Altering dietary habits doesn’t always come easily. Planning ahead is one way to encourage new habits and potentially improve endometriosis symptoms. We know that certain foods may need to be limited or cut out, such as red meat, alcohol, and trans fats. We also know that certain foods may be helpful for improving symptoms and fighting against inflammation or estrogen buildup, such as fiber, fruits, vegetables, whole grains, omega-3s, etc. Here are a few options for meals and snacks that incorporate these ideas:

  • Salmon
  • Broccoli, asparagus, spinach
  • Brown rice, lentils, quinoa
  • Chicken
  • Nuts 
  • Fruit 
  • Chia seed pudding
  • Tuna 
  • Chickpea pasta 

If you have specific questions or concerns about your diet, including gluten or FODMAP restrictions, speak with your healthcare provider. 

How Natalist Can Support Your Journey

Natalist offers a wide range of vitamins and supplements that may be beneficial for those with endometriosis, including omega DHA, CoQ10, Vitamin D, prenatal multivitamins, fiber, and more. Natalist also offers drink mixes formulated with nutrients such as calcium, magnesium, zinc, and others. If you are hoping to add more fiber, magnesium, antioxidants, or anti-inflammatory nutrients to your diet, be sure to discuss these options with your healthcare provider.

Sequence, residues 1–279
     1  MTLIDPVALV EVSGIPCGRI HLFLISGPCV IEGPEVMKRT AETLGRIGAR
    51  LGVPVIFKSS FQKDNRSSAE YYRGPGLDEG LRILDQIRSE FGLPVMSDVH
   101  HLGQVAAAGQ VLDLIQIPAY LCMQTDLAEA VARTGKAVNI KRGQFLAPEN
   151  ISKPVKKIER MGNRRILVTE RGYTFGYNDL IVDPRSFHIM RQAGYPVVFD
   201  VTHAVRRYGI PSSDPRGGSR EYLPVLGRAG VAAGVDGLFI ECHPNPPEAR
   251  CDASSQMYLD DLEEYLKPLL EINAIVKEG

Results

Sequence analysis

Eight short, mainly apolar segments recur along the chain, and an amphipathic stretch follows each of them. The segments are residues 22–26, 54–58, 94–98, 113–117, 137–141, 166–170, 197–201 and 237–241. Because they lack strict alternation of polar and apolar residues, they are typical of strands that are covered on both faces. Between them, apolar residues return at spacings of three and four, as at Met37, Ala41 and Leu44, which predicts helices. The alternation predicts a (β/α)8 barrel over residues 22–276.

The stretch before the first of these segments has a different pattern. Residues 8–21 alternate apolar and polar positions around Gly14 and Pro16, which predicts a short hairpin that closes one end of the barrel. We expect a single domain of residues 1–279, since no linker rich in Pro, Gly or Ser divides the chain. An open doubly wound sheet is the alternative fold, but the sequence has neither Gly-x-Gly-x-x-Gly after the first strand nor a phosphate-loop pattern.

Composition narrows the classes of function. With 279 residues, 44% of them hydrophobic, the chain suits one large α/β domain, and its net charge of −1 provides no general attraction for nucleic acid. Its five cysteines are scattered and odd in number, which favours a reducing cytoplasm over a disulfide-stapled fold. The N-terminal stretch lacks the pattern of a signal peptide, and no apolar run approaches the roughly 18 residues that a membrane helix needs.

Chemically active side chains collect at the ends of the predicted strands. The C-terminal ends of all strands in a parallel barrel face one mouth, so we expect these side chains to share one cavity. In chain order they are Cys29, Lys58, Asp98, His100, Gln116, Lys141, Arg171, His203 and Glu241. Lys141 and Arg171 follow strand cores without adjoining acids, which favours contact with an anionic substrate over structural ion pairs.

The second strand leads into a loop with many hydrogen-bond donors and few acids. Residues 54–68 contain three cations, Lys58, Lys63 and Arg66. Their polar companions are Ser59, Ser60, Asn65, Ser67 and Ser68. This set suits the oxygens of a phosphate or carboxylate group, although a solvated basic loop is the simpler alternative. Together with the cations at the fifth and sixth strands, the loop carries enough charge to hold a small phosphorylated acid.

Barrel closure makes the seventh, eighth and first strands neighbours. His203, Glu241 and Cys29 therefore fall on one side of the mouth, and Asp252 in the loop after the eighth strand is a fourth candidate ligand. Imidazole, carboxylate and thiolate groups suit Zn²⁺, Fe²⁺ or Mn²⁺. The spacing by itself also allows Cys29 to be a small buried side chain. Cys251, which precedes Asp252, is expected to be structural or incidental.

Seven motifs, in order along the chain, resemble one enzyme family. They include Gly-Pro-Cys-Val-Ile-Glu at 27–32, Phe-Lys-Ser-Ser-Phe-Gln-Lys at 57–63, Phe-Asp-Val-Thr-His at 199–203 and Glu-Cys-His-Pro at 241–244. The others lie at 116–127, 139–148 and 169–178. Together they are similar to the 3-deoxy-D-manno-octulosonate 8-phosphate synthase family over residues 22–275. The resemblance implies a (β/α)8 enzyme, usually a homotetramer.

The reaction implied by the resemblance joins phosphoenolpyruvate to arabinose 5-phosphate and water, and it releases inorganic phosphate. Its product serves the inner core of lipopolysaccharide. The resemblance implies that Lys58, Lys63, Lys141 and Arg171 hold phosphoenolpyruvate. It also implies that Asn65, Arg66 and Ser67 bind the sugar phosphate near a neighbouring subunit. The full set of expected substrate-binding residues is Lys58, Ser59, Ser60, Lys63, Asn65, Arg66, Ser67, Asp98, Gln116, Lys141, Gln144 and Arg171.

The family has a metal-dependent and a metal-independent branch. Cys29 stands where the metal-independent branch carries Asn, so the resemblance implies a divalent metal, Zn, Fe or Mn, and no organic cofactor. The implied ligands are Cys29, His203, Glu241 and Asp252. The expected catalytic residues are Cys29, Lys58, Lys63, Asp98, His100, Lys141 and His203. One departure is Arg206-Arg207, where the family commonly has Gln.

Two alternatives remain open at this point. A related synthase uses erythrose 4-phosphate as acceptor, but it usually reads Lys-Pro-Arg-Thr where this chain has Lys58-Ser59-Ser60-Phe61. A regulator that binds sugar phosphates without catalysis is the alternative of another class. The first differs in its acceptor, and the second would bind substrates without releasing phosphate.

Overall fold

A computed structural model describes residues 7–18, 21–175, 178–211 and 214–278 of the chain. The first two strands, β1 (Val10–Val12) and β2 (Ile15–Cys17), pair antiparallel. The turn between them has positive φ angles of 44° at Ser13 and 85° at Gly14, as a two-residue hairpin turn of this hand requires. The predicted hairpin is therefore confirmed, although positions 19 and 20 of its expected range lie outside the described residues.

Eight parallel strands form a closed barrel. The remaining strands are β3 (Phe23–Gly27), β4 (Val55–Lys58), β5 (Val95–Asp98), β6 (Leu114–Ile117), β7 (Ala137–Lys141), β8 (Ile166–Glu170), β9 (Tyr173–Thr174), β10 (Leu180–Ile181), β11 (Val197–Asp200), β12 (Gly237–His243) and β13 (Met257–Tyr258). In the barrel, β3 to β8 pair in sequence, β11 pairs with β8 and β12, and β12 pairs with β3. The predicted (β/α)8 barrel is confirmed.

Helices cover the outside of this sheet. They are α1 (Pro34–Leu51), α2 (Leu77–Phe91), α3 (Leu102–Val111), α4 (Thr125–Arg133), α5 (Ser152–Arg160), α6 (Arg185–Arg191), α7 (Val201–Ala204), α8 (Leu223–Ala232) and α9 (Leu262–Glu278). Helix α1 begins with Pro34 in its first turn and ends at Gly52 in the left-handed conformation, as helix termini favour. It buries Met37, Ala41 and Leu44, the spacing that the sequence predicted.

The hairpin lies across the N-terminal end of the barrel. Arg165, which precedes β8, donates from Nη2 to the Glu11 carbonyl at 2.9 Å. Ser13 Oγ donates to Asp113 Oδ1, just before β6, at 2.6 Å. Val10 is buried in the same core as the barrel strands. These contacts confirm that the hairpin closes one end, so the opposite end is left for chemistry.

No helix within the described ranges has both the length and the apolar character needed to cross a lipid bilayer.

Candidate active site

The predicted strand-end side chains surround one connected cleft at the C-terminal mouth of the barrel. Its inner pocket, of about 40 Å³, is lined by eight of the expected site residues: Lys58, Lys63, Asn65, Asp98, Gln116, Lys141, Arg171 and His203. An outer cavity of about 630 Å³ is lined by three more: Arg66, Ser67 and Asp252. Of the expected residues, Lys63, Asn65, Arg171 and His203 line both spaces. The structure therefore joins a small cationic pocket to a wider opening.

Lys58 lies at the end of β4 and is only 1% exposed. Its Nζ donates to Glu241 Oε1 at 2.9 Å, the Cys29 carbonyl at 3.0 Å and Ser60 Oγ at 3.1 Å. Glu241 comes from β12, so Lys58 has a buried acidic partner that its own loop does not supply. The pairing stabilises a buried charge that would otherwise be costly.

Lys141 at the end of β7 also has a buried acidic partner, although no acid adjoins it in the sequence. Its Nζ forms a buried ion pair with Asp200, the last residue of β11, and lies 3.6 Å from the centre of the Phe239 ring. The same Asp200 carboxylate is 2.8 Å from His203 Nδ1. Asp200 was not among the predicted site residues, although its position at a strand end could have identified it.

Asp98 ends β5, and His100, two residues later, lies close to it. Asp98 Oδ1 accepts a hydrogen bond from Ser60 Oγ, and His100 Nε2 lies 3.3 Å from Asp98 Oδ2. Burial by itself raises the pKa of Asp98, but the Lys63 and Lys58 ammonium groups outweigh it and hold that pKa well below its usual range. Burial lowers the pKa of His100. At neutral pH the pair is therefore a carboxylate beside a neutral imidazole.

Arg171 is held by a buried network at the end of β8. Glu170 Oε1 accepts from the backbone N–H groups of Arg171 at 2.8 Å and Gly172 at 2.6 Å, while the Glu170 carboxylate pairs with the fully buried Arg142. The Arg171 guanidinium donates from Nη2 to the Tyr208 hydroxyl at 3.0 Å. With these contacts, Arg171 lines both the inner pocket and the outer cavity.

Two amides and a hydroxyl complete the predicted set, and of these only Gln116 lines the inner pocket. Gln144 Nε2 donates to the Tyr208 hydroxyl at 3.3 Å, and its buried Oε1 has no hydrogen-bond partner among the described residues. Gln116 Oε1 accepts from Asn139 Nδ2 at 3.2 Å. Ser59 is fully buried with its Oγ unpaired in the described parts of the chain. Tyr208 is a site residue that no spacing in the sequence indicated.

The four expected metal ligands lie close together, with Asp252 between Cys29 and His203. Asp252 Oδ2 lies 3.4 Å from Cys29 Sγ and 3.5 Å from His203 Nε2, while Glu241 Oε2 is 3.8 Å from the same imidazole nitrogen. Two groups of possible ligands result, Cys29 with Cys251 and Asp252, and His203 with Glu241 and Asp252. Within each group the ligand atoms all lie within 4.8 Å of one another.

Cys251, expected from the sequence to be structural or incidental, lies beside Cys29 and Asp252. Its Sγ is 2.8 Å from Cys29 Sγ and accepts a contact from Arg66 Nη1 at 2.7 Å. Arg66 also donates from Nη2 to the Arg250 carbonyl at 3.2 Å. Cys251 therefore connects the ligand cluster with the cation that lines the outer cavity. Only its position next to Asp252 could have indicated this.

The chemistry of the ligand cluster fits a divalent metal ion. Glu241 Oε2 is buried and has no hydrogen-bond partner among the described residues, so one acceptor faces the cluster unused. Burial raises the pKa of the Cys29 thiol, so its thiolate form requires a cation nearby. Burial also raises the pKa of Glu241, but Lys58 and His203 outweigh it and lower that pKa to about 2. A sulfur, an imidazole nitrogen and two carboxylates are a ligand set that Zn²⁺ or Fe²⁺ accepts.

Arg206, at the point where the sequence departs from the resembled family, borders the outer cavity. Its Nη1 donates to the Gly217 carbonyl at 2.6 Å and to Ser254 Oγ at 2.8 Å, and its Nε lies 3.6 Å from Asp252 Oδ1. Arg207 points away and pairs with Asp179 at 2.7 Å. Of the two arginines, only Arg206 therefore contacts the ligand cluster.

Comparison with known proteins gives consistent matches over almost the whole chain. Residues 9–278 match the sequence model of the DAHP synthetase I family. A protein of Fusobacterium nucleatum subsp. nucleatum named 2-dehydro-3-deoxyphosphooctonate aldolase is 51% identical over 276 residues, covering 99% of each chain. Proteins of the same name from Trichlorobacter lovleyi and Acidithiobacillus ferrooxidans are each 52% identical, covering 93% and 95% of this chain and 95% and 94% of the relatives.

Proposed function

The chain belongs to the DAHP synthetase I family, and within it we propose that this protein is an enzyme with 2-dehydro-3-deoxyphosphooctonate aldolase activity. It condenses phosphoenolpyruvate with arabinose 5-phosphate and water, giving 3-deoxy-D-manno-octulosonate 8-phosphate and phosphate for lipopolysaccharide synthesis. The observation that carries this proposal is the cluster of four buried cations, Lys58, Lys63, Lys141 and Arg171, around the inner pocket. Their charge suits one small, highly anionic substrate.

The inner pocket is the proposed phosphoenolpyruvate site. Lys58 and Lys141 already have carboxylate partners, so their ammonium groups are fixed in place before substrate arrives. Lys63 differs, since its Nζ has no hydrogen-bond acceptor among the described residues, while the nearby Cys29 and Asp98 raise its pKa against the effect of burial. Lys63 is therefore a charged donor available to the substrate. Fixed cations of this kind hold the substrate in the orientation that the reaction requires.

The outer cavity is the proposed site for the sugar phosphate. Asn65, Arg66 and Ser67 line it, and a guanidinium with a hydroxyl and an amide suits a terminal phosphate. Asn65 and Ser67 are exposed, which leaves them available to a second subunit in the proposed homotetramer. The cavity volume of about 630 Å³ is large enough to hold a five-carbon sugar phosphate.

References:

  1. Tsamantioti ES, Mahdy H. Endometriosis. [Updated 2023 Jan 23]. In: StatPearls [Internet]. Treasure Island (FL): StatPearls Publishing; 2023 Jan-. Available from: https://www.ncbi.nlm.nih.gov/books/NBK567777/
  2. Kolan, A. Estrogen Dominance. Whole Health Library. U.S Department of Veterans Affairs. 2020. URL
  3. Barnard ND, Holtz DN, Schmidt N, et al. Nutrition in the prevention and treatment of endometriosis: A review. Front Nutr. 2023;10:1089891. Published 2023 Feb 17. doi:10.3389/fnut.2023.1089891
  4. Fiber. The Nutrition Source. Harvard Health. April 2022. URL
  5. Gaskins AJ, Mumford SL, Zhang C, et al. Effect of daily fiber intake on reproductive function: the BioCycle Study. Am J Clin Nutr. 2009;90(4):1061-1069. doi:10.3945/ajcn.2009.27990
  6. Wierenga, K. Pestka, J. Omega-3 Fatty Acids and Inflammation- You Are What You Eat! Frontiers. August 24 2021. URL
  7. Helbig M, Vesper AS, Beyer I, Fehm T. Does Nutrition Affect Endometriosis?. Geburtshilfe Frauenheilkd. 2021;81(2):191-199. doi:10.1055/a-1207-0557
  8. Nap A, de Roos N. Endometriosis and the effects of dietary interventions: what are we looking for?. Reprod Fertil. 2022;3(2):C14-C22. Published 2022 May 30. doi:10.1530/RAF-21-0110
  9. Gluten: Benefit or Harm to the Body? The Nutrition Source. Harvard Health. Accessed June 19 2023. URL
  10. Veloso, Hazel. FODMAP Diet: What You Need to Know. Johns Hopkins Medicine. Accessed June 20 2023. URL
  11. Nabi MY, Nauhria S, Reel M, et al. Endometriosis and irritable bowel syndrome: A systematic review and meta-analyses. Front Med (Lausanne). 2022;9:914356. Published 2022 Jul 25. doi:10.3389/fmed.2022.914356
  12. Bishehsari F, Magno E, Swanson G, et al. Alcohol and Gut-Derived Inflammation. Alcohol Res. 2017;38(2):163-171.